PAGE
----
"People pre-order our cooking berries," Ms Schultz said.
"We started to work with other farms - we worked with a lime farmer, a mango farmer, raspberries.
"We have these carpark parties where an ambassador will host us, and we'll park in their carpark and people will come and collect these cooking berries."
It gave the region's "Thermo-queens" and home cooks who were passionate about local produce a way of supporting farmers direct and getting fresh, quality fruit, she said.
"They go home and make great stuff with it, and then they post it in our group," she said.
Food makers innovate
A growing population with increasing interest in ethical purchasing is leading to more food manufacturing that supports sustainable diets.
Kuluin-based Fenn Foods' plant-based vEEF burger, made by ex-Urbane chef Alejandro Cancino, is a case in point.
Mr Cancino moved from Sydney to the Coast so his young family could have an outdoor lifestyle.
His main passion in life, he told the Daily, was helping people discover the delights of plant-based culinary sensations, through his cooking.
Bona fide Broth Co is another example: it takes certified organic chicken, grass fed beef and organic coconut yoghurt to create "broth bombs", yoghurt snacks and other goodies.
"That healthy lifestyle is what people are seeking. We have a beautiful environment - if you want to be active and healthy you come here," Ms Greenhatch said.
"We also have lots of manufacturers making organic products and free-from products (gluten free; vegan).
"So tying all that together in the health and wellness sustainability space, this region has a real advantage."
The Coast's producers are also starting to do their own stories justice when they tell them.
They are linking their products to who they are as people and as businesses, and consumers love it.
"People want to hear the story these days, they don't just want to eat the food," Ms Greenhatch said.
"They want to know the stories behind the food."
The Coast doesn't have the vineyards of the Barossa or Margaret River, but it's making a name for itself as a food region where you can have a mightily good time.
"It's the people that make this region so special and unique," Ms Greenhatch said.
"It comes back to the connected community."
Eateries like The Hungry Feel Eating House and The Shak Organic cafe in Buderim know the local producers and their stories and tell them with authenticity.
"Our community knows the stories. They're passionate about them," Ms Greenhatch said.
"The chefs want to profile these growers and share their stories.
"They have a connection to the land and the people and they are proud and want to share it."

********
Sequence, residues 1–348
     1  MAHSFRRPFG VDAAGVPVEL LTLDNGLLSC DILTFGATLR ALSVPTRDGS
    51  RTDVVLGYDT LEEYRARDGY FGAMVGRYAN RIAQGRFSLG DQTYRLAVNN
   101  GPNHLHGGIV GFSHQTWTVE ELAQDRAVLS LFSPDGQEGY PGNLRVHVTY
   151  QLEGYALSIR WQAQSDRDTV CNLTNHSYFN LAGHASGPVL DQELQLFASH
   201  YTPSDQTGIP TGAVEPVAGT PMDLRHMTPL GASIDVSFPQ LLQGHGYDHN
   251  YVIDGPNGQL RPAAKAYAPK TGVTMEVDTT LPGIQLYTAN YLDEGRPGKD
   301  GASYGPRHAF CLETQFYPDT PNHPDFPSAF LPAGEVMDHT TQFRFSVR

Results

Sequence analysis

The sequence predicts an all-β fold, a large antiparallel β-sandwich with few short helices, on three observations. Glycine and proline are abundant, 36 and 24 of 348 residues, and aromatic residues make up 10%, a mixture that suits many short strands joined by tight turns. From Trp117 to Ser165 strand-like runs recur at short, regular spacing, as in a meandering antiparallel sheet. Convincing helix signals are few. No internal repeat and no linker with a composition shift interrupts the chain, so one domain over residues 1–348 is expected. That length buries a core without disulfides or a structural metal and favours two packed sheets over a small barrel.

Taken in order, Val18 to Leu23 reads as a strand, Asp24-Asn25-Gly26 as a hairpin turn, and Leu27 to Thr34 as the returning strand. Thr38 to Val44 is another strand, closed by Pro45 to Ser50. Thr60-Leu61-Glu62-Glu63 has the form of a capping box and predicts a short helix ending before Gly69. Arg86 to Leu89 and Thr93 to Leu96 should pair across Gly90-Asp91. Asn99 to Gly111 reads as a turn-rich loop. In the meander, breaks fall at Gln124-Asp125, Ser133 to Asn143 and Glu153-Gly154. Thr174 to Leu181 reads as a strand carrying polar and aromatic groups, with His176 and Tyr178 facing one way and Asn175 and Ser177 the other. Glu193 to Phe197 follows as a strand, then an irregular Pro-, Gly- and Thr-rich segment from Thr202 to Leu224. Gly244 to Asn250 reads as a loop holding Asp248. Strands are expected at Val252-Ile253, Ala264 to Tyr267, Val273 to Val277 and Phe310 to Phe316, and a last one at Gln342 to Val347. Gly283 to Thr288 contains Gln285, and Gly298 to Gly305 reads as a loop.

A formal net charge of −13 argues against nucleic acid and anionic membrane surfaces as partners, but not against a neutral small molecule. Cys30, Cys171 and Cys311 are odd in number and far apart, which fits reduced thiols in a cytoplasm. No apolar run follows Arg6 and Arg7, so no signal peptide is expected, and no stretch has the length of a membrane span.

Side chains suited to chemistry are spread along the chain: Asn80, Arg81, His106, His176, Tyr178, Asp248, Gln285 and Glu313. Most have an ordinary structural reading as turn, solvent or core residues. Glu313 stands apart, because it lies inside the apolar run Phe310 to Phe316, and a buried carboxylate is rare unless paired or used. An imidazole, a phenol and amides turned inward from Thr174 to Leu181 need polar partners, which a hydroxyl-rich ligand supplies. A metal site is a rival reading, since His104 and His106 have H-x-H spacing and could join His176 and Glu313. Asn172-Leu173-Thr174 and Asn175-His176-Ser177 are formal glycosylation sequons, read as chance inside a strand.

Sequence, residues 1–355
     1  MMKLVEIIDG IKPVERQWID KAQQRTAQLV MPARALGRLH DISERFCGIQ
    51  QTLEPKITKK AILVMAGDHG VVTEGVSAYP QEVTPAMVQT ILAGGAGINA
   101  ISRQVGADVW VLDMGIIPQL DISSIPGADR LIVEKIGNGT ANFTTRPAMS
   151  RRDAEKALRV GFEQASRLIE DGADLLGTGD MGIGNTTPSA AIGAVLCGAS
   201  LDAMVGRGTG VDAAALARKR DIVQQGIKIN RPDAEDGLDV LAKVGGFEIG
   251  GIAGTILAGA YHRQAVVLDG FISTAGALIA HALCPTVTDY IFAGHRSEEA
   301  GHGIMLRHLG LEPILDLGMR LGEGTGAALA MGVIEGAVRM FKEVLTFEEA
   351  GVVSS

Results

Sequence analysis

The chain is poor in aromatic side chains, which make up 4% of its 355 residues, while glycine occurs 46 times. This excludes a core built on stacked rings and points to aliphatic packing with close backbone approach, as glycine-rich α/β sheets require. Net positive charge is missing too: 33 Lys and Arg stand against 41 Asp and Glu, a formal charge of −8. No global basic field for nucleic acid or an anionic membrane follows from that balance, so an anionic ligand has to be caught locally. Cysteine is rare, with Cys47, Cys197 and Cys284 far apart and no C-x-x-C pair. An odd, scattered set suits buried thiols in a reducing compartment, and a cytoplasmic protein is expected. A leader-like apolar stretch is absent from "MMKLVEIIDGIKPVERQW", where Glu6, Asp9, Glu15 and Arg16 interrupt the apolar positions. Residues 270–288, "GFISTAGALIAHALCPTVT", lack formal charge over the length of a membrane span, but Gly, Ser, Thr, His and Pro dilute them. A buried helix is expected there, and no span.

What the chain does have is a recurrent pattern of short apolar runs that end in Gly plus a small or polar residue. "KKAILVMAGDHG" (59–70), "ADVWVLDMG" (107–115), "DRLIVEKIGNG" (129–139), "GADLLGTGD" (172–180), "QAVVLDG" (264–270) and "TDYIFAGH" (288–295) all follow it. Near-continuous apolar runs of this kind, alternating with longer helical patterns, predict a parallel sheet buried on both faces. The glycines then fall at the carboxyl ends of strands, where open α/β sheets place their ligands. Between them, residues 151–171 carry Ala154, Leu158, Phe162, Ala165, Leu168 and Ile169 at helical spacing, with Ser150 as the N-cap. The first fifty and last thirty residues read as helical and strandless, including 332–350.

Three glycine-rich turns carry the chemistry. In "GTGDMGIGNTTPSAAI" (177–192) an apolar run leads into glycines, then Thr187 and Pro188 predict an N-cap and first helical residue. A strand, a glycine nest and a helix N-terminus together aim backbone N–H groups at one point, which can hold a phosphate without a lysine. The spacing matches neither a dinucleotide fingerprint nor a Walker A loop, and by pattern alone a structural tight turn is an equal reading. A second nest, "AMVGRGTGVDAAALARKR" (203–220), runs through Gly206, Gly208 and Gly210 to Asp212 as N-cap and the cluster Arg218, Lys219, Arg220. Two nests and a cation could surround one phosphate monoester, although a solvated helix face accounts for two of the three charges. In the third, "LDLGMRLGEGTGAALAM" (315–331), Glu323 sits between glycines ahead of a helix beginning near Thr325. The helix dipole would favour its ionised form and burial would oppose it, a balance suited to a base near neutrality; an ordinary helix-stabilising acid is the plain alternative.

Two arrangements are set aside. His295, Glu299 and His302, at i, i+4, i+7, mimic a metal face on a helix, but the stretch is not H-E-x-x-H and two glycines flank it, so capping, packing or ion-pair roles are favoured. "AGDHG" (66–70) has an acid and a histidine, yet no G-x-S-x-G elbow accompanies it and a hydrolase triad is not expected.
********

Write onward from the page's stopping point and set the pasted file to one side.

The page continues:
The Coast has a range of health food and wholefood stores, farmers markets and fruit from Noosa to Caloundra and into the hinterland.
Many of these stores give local produce, meats, dairy, cheeses and Coast-made manufactured goods prominence.
It also has one of the most progressive IGA groups in the country in White's IGAs, where the Locavore program labels Coast-grown and made items are front and centre.
The Food and Agribusiness Network began four years ago and its members are retailers, restaurants, breweries and venues, fruit and vegetable growers, graziers, dairy farmers, meat producers and food manufacturers.
Its cross-sector membership enables relationships to form easily through a busy calendar of networking and professional development events.
"They're sharing knowledge, resources, connection, and some of those connections are buying connections," Ms Greenhatch said.
"They're making products together, which gets them a district advantage."
A growing culture of entrepreneurship on the Sunshine Coast is being fostered by programs including the GrowCoastal food accelerator program.
The youth entrepreneurship challenge Generation Innovation, annual Start-up Weekend and Youth StartUp and programs within school curriculums including Future Anything all add to this culture.
The University of the Sunshine Coast's Innovation Centre CEO Mark Paddenburg said the penny dropped for him when he saw the enormous interest in its inaugural Food Demo Day in August 2016.
"From this trial event, I knew that day that I wanted to develop a world standard food accelerator program on the USC campus," he said.
"There's so much energy from the foodies in this region that we couldn't ignore the opportunity," he said. "In these competitive and challenging times, we need to assist our entrepreneurs to build their profile, attract new customers and connect with potential partners and investors."